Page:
Argumentative Essay On Henrietta Lacks

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HeLa was vital to cloning research, counting the number of chromosomes in a human cell, and the polio vaccine. HeLa refers to a cell line that given a endless supply of nutrients can divide forever. In this way, they are considered to be “immortal.” These cells are so prominently used in scientific research that if lined up, HeLa cells would circle the Earth more than three times. But where did these cells come from? They came from a tumor on the cervix of a black woman in the 1950s, Henrietta Lacks. However, neither Henrietta Lacks nor her family were aware that her cells were taken from her and eventually turned into a multimillion-dollar industry. Henrietta Lacks’ family should receive economic reparations on the basis of lack of informed consent and published private information, while keeping in mind the impact on scientific advancement. Ethical research should include informed consent and privacy of information, but HeLa was created without fulfilling either of those. Henrietta visited the only major hospital that would treat a colored person, Johns Hopkins. Due to her lack of education and her social status, she did not question the white …show more content…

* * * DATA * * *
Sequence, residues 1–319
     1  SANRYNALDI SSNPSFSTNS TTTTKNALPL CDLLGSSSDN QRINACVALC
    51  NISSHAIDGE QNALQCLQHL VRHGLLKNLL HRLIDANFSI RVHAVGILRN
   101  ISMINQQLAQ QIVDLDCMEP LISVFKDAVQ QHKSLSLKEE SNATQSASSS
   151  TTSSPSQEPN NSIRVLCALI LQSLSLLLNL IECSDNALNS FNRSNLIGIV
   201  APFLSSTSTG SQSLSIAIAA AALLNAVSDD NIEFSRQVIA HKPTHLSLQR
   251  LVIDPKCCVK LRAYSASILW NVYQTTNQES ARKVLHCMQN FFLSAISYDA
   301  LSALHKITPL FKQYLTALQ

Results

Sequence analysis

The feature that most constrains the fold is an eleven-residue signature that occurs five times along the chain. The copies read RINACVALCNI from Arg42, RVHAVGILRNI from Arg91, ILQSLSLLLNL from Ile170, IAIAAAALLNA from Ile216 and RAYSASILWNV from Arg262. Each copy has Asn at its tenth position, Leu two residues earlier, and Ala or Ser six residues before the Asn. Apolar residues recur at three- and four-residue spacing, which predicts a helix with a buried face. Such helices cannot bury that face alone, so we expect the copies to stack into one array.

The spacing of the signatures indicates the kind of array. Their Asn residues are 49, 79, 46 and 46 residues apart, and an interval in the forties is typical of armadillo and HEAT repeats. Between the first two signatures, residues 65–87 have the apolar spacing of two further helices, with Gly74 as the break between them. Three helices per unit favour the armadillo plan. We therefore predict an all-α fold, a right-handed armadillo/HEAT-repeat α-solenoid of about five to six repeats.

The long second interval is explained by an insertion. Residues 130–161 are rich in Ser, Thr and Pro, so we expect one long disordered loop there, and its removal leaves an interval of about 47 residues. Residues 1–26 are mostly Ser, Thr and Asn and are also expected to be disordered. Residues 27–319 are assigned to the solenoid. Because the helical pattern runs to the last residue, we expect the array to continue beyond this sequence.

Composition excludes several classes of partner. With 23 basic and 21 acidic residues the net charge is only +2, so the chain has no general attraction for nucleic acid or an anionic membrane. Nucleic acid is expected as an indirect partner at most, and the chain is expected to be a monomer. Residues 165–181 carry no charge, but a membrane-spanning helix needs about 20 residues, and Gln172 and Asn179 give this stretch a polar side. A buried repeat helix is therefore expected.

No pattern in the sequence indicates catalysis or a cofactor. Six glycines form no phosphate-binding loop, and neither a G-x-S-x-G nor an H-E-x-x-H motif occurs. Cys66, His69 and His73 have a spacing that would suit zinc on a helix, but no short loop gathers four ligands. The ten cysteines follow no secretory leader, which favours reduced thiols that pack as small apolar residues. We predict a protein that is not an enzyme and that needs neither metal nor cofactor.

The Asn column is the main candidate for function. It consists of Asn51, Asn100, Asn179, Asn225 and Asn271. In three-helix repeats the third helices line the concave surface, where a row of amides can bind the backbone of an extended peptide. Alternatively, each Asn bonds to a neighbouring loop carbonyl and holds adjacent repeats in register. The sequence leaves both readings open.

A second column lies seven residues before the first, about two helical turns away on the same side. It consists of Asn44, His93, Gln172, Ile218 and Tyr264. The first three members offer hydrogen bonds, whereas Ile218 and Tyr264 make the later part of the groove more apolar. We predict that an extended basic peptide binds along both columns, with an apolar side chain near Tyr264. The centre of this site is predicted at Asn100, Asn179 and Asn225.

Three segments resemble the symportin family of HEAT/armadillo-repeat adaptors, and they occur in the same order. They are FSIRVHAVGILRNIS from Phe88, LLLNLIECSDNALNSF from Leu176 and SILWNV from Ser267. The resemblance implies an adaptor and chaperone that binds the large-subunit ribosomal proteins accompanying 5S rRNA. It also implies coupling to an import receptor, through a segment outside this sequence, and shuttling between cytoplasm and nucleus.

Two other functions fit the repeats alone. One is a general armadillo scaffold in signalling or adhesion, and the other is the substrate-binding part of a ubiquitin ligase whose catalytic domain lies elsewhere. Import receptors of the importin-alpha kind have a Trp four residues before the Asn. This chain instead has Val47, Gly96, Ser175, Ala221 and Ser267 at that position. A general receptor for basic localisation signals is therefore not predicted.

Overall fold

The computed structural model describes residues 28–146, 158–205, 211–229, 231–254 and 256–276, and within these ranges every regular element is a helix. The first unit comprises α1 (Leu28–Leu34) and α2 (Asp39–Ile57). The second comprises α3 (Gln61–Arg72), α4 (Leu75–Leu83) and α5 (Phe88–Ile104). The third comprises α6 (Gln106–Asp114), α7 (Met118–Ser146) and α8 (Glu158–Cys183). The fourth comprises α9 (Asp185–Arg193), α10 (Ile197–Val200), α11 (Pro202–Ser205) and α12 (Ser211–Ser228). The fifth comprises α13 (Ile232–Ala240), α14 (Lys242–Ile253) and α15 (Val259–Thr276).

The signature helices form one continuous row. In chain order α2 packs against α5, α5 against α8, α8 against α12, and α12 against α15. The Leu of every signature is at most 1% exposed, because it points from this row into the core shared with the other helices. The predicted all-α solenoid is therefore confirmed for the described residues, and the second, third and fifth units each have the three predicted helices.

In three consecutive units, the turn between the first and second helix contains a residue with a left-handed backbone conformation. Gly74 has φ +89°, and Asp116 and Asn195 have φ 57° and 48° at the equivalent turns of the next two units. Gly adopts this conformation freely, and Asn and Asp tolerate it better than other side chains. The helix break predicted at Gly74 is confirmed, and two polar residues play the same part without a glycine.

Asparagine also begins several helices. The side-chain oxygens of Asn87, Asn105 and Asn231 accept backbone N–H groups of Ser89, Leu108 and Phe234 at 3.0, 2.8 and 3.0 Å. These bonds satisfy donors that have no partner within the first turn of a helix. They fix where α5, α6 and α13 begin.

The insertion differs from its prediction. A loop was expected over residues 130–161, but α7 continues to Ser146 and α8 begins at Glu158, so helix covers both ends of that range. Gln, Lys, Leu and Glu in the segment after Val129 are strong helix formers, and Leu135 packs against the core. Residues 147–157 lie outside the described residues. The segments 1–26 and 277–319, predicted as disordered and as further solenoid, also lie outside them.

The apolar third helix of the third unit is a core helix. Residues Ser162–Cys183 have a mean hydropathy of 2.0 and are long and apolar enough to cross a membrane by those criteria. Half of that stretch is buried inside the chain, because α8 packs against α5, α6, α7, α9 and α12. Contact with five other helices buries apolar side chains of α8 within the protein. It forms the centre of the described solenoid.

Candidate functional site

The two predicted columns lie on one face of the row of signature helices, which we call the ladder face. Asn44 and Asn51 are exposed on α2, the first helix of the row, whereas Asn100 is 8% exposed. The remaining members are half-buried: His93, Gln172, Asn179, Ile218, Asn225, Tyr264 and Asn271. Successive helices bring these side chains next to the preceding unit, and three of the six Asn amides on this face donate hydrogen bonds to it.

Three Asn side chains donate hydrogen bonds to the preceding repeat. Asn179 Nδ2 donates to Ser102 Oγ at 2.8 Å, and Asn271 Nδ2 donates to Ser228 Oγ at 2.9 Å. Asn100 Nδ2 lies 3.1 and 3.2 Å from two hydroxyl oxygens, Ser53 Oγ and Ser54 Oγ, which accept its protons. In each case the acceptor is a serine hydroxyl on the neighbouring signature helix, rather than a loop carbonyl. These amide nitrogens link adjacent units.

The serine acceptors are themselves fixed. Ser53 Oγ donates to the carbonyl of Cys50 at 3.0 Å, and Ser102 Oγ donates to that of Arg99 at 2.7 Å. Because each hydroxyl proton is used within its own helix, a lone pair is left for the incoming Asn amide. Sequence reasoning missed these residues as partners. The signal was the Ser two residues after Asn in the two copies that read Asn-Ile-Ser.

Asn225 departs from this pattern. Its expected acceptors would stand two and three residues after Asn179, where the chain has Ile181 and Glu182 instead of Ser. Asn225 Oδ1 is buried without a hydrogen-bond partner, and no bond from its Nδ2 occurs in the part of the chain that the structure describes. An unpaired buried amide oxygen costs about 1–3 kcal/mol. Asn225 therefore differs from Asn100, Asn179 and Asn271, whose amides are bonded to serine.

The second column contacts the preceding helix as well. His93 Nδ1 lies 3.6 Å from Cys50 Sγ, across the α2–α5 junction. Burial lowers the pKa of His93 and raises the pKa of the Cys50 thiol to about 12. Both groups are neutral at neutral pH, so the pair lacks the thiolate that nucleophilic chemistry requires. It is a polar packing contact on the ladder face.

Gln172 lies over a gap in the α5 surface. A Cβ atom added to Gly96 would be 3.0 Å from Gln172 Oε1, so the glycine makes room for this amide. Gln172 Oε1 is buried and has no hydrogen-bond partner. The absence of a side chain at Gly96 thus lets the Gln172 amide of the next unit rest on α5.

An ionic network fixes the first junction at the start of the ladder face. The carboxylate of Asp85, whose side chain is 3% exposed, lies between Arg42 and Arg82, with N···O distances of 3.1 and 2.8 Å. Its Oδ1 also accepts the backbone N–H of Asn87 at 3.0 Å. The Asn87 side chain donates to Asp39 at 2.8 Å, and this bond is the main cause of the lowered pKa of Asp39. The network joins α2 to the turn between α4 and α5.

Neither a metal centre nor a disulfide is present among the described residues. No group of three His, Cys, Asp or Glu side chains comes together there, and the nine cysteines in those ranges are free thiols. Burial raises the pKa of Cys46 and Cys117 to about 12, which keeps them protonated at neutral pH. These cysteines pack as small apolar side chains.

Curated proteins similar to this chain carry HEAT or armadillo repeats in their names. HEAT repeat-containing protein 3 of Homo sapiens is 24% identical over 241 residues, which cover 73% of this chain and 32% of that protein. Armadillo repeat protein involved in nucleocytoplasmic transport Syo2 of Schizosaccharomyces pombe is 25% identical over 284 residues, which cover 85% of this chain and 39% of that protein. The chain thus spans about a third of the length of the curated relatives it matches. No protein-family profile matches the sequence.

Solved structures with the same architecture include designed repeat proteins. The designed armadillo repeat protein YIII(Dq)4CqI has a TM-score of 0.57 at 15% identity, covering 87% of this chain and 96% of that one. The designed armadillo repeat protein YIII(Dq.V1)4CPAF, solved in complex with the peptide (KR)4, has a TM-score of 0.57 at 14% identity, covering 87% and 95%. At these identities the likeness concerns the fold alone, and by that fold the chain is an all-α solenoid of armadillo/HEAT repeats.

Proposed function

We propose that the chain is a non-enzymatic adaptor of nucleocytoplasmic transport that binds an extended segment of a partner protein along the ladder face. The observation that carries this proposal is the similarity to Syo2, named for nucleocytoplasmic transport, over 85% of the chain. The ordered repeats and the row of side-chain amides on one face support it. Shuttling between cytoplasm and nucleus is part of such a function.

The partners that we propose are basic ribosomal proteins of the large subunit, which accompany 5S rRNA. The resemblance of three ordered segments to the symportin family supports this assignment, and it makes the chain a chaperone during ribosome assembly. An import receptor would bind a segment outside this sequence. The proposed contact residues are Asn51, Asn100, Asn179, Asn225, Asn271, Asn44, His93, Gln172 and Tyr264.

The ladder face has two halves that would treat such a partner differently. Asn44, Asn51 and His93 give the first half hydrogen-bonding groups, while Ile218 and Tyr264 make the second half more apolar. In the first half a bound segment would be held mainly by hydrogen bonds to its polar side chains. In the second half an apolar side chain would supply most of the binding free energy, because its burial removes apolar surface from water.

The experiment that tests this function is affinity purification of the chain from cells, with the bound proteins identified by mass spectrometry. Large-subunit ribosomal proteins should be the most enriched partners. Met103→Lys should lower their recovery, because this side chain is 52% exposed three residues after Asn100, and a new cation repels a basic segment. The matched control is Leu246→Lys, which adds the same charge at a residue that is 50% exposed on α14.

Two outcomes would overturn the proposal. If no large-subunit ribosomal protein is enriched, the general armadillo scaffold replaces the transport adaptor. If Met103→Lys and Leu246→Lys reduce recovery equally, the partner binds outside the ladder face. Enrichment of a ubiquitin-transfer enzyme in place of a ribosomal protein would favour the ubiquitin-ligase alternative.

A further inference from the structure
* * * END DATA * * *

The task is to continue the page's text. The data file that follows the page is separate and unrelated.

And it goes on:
However, due to the hardiness of HeLa, other cells were contaminated by HeLa. Victor McKusick had one of his postdoctoral fellows, Susan Hsu, obtain blood from Henrietta’s family so that genetic markers could be compared to HeLa, which could be used to find contaminates of HeLa. When Henrietta’s family had their blood drawn to be genetically tested, they thought they were being tested for cancer. McKusick published his findings along with a family pedigree, name, and the genetic data. Although the Lacks family voluntary participated, it was not informed consent because they did not have the information nor the capability necessary to understand why they were tested. Additionally, they did not consent to their genetic data being published for the world to

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